Mr - Nederlandse Vrouwenraad

Mr. President, Your Excellency’s, ladies and gentlemen,
Like one in every four women around the world I was born in a rural area. In the Netherlands
I could go to school. I had enough food and security. I could get a job and become
independent. And today, 15 October, on the International Day of Rural Women, I stand
before you to address the impact women could have on banishing hunger and poverty
But I am not talking about women alone. I am talking about the power of seven billion people
who, together with our planet, form a single system. There have never been so many of us
and the world is becoming smaller while the challenges are becoming greater.
Cold places are becoming hot. Dry places are becoming wet. Large numbers of people are
undernourished or overfed. One person’s gain is often another’s loss.
The challenges are becoming so immense that we are in danger of losing sight of our
society’s foundations. What about the people on whom the world relies? What about all those
women we count on for our daily bread?
Economically, socially and culturally, the right to food is a basic human right. So focusing on
gender equality is not only morally right but it also has tremendous sociological and
economic benefits in achieving food security.
Women make up nearly half of the agricultural workforce. If they had access to the same
resources as men, they could drive down hunger for up to one hundred and fifty million
Research shows that GDP growth driven by agriculture is twice as effective in reducing
poverty as growth generated in other sectors. And it is a proven fact that every dollar spent
on agricultural research produces 9 dollars of extra food in developing countries.
Food is a human right and millions of women ensure we get our daily bread.
So we should be talking with women, not about them. In contacts with hundreds of rural
women I asked them what they needed. Zeineb in Sudan said:
‘Day in, day out I work on the land but I don’t own it. If my husband left me or died I
couldn’t grow my own food any more. I would lose not only my income but also any
status or any influence I have in the community. Please make it possible for me as a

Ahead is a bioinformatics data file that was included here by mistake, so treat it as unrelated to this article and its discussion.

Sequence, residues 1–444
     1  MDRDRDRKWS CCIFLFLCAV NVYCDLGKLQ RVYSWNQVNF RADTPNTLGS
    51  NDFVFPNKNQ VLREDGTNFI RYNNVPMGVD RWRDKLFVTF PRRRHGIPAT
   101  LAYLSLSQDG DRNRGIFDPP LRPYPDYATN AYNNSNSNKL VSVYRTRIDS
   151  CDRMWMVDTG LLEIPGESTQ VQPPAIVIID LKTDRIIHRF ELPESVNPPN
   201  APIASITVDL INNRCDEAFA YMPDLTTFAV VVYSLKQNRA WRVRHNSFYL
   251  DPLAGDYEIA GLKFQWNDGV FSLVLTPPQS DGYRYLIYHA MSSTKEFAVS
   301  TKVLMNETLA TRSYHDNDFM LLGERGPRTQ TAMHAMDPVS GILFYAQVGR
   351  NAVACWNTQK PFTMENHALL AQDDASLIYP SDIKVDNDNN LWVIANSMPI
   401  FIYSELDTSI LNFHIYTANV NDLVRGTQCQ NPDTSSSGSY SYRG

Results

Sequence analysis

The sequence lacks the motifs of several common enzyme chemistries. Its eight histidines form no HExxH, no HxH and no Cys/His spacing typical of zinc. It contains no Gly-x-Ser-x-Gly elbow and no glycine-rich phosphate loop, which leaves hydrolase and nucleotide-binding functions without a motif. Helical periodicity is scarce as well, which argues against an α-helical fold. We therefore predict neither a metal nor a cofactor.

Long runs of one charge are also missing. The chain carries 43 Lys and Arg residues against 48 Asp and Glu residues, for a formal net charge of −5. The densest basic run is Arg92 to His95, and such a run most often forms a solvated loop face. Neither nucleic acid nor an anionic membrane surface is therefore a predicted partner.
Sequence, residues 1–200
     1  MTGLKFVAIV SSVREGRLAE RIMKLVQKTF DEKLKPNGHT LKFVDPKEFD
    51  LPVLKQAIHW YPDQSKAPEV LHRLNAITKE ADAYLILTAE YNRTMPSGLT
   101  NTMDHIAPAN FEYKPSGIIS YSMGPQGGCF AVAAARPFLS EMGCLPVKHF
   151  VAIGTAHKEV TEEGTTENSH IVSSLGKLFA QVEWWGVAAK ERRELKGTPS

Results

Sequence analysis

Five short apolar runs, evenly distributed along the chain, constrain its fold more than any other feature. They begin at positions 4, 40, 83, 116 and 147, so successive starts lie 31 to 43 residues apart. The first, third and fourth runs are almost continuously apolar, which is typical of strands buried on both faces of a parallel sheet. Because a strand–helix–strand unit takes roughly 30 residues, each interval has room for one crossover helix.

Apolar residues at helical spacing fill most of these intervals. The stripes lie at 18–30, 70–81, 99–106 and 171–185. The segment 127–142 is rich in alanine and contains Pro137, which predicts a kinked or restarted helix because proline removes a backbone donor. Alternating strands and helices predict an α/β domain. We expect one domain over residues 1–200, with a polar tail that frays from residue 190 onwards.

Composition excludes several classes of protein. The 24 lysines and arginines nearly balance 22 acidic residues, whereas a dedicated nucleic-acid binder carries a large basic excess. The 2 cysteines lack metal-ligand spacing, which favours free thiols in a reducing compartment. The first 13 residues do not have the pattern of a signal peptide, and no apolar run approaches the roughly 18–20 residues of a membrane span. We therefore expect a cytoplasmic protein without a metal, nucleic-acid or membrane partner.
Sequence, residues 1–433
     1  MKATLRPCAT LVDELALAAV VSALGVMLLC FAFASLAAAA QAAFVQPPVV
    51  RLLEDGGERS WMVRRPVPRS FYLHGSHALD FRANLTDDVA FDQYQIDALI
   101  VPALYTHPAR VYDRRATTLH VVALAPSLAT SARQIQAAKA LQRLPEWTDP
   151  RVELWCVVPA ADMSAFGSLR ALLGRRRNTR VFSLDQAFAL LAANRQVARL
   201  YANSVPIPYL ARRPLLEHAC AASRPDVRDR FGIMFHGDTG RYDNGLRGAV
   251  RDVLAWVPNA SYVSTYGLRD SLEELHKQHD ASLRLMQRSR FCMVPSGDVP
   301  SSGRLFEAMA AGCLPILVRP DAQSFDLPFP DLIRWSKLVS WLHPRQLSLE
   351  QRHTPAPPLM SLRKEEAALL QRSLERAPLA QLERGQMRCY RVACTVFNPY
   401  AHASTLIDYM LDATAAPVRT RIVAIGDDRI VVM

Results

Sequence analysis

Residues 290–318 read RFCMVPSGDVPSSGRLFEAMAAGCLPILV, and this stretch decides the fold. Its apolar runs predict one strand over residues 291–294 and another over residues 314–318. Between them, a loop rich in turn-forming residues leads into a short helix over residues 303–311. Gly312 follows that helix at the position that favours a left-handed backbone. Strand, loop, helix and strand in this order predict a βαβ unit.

woman to own our land or I’ll never be independent.’
Greetje from the Netherlands says: ‘As a woman, I was expected to look after the
children. University was no option. A women’s organisation really helped me to stand
up for my rights. They gave me practical advice and access to a network that helped
me progress. It’s important for women to be educated and well organised. You
develop, pool your efforts and gain a firm place in society.’
Rosa from Guatemala says: ‘My family has known how to grow grain on this land for
generations. But now sometimes the rains arrive late or not at all, making the yield
completely unreliable. I have no idea what kind of seeds, fertilisers and methods I
need for these conditions. I can’t even harvest enough for my own family any more. I
need to be informed about the newest developments.’
Food is a human right and millions of women ensure we get our daily bread.
You can imagine therefore how astonished and disappointed we women were when this
year’s UN Commission on the Status of Women failed to reach an agreement. What will the
impact be on developments around the world if we don’t work together to establish women’s
In my search for an answer I spoke to academics, politicians, business people, NGOs,
policymakers and a variety of experts. They all call for an agenda for cooperation with rural
women, a proper use of technology and our planets resources and a focus on wellbeing
instead of unbridled growth.
Food is a human right and millions of women ensure we get our daily bread.
So we must create a world in which women’s empowerment will be an integral part of our
day-to-day life, work and thinking. A world in which there is no need for a 5th World
Conference on Women, to advance their rights. Couldn’t that simply be replaced by every
country appointing its own women’s representative? Women’s position should be a given.
There is not only a world to win but it is also vital as long as honour killings, child marriages
and denial of access to sexual and reproductive health and rights are commonplace. In
particular in rural areas.
Dutch women call on you, the governments, the private sector and civil society to pay
attention to women’s voices. We call upon 7 billion people to listen to the simple questions of
women -like Zeineb- who must get the opportunity to play a vital role in solving complex
global issues.
Food is a human right and millions of women ensure we get our daily bread while they are
hungry and amongst the poorest themselves.
If you close your eyes to the tremendous potential and the needs of women there will never
be global peace and security.
Political goals call for political measures. And this responsibility lies with you.
Thank you.
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